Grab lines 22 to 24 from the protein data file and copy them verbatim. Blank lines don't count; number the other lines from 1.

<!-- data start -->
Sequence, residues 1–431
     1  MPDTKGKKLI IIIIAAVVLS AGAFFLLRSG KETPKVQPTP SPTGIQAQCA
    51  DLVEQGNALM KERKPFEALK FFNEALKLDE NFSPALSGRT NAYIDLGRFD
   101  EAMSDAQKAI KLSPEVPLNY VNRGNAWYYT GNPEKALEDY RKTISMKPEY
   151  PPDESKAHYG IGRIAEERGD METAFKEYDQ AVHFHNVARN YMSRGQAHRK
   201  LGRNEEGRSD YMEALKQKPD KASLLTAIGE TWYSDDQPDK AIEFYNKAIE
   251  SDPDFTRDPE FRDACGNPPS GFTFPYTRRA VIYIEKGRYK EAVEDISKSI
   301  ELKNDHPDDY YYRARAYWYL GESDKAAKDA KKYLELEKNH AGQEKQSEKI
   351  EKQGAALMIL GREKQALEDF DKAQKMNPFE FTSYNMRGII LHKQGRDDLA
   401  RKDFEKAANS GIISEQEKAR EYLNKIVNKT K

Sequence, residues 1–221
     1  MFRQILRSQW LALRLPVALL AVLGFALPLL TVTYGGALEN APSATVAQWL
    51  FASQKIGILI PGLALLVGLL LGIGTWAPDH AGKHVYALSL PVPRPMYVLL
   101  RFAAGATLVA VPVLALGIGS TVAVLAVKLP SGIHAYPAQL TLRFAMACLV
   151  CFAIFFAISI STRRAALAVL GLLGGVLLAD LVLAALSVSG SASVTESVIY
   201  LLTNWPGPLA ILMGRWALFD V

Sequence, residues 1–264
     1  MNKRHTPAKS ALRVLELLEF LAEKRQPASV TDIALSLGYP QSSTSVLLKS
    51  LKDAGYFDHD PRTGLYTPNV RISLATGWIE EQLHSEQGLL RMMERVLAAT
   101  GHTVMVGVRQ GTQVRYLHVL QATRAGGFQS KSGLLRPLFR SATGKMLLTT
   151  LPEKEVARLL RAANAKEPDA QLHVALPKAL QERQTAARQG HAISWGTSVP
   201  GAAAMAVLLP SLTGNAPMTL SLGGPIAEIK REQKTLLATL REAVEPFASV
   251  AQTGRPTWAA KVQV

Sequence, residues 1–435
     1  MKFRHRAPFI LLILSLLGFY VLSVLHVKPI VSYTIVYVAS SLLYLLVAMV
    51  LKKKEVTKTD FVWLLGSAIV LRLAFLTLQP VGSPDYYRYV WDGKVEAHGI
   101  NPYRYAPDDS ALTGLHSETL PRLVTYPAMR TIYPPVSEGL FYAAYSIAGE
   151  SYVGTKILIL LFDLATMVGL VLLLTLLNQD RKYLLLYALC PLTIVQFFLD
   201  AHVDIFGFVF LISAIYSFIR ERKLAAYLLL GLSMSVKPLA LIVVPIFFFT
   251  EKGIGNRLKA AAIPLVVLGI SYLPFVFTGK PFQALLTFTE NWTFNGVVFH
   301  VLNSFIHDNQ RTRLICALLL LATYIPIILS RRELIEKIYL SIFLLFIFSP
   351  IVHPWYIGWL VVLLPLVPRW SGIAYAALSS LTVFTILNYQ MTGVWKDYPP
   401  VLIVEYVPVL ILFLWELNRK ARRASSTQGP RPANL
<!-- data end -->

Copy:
   201  GAAAMAVLLP SLTGNAPMTL SLGGPIAEIK REQKTLLATL REAVEPFASV
   251  AQTGRPTWAA KVQV

Sequence, residues 1–435